By Patrick J. Kennedy
September 29, 2015

Today, the House Judiciary Committee is holding a hearing on the proposed merger of Anthem and Cigna and the proposal for Aetna to join with Humana. This potential consolidation in the insurance market would reduce the number of large insurers from five to three, a major change that would undoubtedly affect choice, accountability, and healthcare quality. 

These are serious issues that my former colleagues in Congress and the Antitrust Division of the U.S. Department of Justice should weigh heavily and carefully.  

I also think this is a critical opportunity to make sure that the laws we already have on the books are enforced, including parity for mental health and addiction. Before any merger is approved in any industry, shouldn’t companies have to be compliant with our federal laws?

For decades, I heard stories about people with mental illness or addictions being denied insurance coverage. Insurance companies routinely charged higher rates and copayments for depression, bipolar disorder, and other diseases in the brain than for cancer, diabetes, and other illnesses in the body.  

That is why, when I served in Congress, I sponsored the Mental Health Parity and Addiction Equity Act, which was passed with bipartisan support and signed into law by President George W. Bush in 2008. The Parity Act outlawed discrimination in insurance coverage based on outdated distinctions between disorders in the brain and illnesses in the body.   

It’s one thing to pass a law. It’s a whole new challenge to get that law implemented and enforced. And so far, outside of some notable exceptions in a few states like California and New York, state and federal regulators are lagging behind in enforcement of the Parity Act. Insurance companies are denying authorization for mental health and substance abuse treatment at nearly twice the rate of their denials for other medical care, according to a study by the National Alliance on Mental Illness.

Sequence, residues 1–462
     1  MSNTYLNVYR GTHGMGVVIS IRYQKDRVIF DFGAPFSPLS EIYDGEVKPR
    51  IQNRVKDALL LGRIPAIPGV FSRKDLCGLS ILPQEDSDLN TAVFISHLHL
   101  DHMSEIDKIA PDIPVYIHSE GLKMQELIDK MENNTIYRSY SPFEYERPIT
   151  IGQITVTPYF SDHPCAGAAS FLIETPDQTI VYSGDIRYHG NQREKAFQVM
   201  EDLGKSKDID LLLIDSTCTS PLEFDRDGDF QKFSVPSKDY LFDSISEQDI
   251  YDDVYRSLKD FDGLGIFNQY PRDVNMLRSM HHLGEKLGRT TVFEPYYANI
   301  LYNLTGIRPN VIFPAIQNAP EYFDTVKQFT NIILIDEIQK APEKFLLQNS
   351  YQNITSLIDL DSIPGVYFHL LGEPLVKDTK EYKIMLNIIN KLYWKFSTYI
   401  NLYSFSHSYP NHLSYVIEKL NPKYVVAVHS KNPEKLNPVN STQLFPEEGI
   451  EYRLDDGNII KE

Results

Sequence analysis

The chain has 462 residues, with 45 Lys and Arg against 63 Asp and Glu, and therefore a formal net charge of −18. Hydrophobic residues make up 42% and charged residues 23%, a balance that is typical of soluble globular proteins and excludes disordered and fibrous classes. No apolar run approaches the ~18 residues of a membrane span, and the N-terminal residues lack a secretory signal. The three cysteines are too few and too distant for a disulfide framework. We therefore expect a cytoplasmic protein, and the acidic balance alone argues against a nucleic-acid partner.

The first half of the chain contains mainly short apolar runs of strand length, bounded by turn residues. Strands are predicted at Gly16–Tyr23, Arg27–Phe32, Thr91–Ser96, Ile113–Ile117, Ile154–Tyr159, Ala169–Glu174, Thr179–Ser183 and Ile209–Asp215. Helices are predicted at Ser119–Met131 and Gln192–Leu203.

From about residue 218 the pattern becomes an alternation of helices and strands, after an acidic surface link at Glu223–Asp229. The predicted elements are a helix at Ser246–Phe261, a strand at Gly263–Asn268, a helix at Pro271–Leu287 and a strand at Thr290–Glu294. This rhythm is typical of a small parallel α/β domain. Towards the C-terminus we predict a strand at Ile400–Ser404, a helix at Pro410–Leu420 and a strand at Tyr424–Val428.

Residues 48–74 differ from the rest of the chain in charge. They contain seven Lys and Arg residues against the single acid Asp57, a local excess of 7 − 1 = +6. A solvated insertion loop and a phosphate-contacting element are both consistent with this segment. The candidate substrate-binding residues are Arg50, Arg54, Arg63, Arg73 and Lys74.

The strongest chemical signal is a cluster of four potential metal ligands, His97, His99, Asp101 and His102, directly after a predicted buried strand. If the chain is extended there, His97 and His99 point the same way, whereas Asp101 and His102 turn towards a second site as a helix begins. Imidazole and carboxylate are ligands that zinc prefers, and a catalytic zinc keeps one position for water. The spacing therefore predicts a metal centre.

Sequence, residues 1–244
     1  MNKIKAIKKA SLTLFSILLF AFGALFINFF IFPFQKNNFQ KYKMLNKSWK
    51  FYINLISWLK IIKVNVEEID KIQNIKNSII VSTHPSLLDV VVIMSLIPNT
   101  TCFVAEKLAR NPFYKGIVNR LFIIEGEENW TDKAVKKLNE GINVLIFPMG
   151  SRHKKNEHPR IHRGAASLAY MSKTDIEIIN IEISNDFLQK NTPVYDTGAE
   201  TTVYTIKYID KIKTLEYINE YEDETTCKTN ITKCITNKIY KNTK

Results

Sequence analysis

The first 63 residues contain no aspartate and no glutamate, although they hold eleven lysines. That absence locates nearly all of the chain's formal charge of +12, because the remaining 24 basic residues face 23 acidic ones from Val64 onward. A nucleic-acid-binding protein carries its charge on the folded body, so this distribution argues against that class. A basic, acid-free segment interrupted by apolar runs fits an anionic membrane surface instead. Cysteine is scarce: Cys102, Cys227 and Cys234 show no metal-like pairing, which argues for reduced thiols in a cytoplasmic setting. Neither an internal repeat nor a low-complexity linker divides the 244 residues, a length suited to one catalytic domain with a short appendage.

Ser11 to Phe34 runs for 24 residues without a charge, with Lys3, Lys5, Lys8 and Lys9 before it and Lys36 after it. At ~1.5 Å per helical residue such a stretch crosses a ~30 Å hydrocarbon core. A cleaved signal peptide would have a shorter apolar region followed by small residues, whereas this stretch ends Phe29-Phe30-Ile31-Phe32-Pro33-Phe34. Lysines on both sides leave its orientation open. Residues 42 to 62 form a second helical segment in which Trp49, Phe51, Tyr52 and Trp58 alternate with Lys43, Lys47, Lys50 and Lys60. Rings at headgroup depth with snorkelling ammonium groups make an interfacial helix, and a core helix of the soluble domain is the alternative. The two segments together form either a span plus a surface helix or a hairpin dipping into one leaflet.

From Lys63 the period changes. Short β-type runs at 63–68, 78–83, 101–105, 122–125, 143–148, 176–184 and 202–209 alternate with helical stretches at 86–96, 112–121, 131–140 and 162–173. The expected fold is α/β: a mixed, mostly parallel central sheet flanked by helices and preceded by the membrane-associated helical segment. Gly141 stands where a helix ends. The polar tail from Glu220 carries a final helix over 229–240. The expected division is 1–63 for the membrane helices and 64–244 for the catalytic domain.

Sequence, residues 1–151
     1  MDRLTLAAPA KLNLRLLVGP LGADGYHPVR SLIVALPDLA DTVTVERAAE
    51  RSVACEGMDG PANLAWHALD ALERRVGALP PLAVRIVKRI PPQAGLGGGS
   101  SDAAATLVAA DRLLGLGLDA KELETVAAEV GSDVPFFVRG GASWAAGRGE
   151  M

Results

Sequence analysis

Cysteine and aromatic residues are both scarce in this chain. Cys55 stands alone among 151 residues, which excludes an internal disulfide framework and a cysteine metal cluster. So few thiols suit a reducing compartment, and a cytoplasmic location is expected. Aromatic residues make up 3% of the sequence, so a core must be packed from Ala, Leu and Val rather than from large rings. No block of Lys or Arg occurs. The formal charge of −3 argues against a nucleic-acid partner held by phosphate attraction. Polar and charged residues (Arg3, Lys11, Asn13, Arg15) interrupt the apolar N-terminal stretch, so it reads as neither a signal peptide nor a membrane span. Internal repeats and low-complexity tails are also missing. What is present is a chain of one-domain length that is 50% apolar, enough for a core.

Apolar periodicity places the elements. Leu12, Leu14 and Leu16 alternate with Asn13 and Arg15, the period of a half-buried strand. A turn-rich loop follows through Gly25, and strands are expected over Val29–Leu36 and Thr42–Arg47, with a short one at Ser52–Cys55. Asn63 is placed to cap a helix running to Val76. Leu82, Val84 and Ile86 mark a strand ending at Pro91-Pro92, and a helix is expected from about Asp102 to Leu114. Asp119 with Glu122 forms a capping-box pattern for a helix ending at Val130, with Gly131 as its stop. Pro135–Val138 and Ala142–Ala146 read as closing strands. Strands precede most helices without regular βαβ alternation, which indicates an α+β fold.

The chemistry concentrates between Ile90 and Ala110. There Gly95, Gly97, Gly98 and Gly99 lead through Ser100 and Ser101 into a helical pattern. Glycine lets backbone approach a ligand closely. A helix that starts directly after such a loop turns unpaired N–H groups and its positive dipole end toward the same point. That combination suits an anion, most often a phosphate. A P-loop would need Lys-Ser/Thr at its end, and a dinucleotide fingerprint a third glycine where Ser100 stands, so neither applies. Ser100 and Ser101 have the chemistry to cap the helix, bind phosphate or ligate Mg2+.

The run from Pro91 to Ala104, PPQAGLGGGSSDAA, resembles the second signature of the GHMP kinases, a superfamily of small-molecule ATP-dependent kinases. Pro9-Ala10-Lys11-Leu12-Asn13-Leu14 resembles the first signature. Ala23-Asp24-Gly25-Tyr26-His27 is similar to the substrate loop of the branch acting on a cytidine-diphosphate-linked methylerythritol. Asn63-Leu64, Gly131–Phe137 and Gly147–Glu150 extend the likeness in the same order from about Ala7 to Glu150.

Most insurance companies have stopped obvious violations of the Parity Act, such as higher copayments and separate deductibles for mental health. But other violations of the Act continue, such as limiting the number of days a person can stay in a treatment facility, requiring permission to start or continue receiving behavioral health services, and asking patients to “fail first” with less expensive treatments before covering the treatment their doctor has recommended.  

Most importantly, we need to compel insurance companies to disclose how they make coverage decisions. Specifically, state and federal regulators need to investigate insurers to make sure that their “medical necessity” determinations comply with the Parity Act. Only with greater transparency will we learn whether insurance companies are treating mental health the same as physical health in defining medical necessity. Without meaningful disclosure, consumers, providers and advocates cannot ensure that insured individuals are getting the care that is mandated by federal and state law. By not holding health insurers accountable and making their coverage determination process transparent, we will perpetuate some of the insurance marketplace inequities that exist today. 

We are a nation in crisis. One in five adults in the U.S. experiences mental illness each year. Serious mental illness costs this country $193.2 billion annually in lost earnings. It doesn’t have to be this way. The majority of people with mental illness -- up to 80 percent -- improve with appropriate diagnosis, treatment, and monitoring. In the future, with rapid advancements in technology and neuroscience, that figure will only increase.  

We passed the Parity Act, but we still do not have parity for mental health and addiction. Everyone, especially our leaders in Congress, has a stake in making sure the families who’ve paid their premiums are treated with fairness and respect. The Justice Department should make compliance with the Parity Act an important part of their approval process.  

Kennedy served in the House from 1995 to 2011. He is the founder of the Kennedy Forum.